RoseMarie Loft, an HR consultant in the UK, has commented on our post which disclosed the results of a survey in the UK which found that 37% of cancer patients have experienced some sort of discrimination.  

She writes:

“I find this quite difficult to accept at face value, based on experience. Perhaps, as it’s an on-line questionnaire, we are really saying that 37 per cent of those that felt strongly enough to log in and answer the questionnaire felt this way. I’m not suggesting that those affected were being untruthful nor suggesting that their feelings are invalid. However, in all of the organisations I’ve worked in – and it’s a fair few across a number of sectors in senior interim roles – I’ve yet to come across a single one that doesn’t suspend all normal sickness management processes, make accommodation for additional sick pay (I’ve often authorised extended sick pay through to end of life, and rightly so in my view), provide flexible working through treatment if the employee wishes to work, make home visits and so on. That’s not to say that there can’t be some dreadful ones out there.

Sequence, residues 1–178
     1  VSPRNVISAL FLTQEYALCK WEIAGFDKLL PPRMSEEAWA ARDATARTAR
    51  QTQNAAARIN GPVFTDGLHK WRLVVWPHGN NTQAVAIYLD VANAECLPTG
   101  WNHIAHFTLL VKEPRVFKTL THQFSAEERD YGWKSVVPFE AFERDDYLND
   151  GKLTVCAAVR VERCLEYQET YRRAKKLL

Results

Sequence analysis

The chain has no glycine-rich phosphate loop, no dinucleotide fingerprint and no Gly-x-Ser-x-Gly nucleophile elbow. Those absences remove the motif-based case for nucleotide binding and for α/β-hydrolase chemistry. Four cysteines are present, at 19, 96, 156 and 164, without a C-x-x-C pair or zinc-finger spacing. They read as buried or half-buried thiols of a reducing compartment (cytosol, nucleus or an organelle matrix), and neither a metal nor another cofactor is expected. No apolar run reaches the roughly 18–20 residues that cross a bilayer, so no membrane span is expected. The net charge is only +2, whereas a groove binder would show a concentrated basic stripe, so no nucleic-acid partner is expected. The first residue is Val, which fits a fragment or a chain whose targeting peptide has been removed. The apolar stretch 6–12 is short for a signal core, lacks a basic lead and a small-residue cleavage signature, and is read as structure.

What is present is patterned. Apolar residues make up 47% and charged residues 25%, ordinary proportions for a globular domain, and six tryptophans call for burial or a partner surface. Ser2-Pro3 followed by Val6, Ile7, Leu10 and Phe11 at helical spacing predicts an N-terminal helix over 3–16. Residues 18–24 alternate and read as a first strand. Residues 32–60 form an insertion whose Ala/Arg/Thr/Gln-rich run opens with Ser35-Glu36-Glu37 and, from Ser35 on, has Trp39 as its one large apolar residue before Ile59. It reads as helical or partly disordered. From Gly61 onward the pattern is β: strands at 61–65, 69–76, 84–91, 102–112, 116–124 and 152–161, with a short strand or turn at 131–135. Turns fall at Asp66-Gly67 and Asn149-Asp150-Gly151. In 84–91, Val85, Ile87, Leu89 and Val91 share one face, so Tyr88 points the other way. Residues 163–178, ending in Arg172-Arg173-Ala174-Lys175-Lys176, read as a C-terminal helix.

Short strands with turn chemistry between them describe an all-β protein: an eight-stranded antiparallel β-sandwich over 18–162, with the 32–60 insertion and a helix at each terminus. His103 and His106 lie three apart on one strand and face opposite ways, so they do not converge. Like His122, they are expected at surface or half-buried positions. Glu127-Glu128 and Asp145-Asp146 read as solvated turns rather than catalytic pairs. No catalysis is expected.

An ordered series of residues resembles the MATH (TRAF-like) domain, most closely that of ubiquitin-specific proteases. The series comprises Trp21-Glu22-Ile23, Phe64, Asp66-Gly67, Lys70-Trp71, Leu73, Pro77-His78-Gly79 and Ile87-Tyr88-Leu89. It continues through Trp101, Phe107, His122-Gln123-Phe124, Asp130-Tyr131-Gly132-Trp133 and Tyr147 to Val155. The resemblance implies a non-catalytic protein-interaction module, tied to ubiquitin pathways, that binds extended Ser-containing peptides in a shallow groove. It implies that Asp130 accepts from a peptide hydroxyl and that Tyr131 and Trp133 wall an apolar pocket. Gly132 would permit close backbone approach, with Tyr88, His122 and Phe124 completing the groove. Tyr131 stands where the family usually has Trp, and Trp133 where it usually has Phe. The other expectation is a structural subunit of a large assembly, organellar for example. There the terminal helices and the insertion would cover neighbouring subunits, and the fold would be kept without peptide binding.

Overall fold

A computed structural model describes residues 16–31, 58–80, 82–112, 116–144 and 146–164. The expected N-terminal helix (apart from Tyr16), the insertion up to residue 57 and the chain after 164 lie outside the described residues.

But I have experienced a good few colleagues that find it difficult to deal with serious illness on a personal level, especially when the illness is terminal. This can often make them distant and appear uncaring. It’s also been my experience that when someone suddenly becomes ill with a potentially life-threatening illness, then they can lose trust of those around them. The skill for the HR person is trying to bridge that gap.”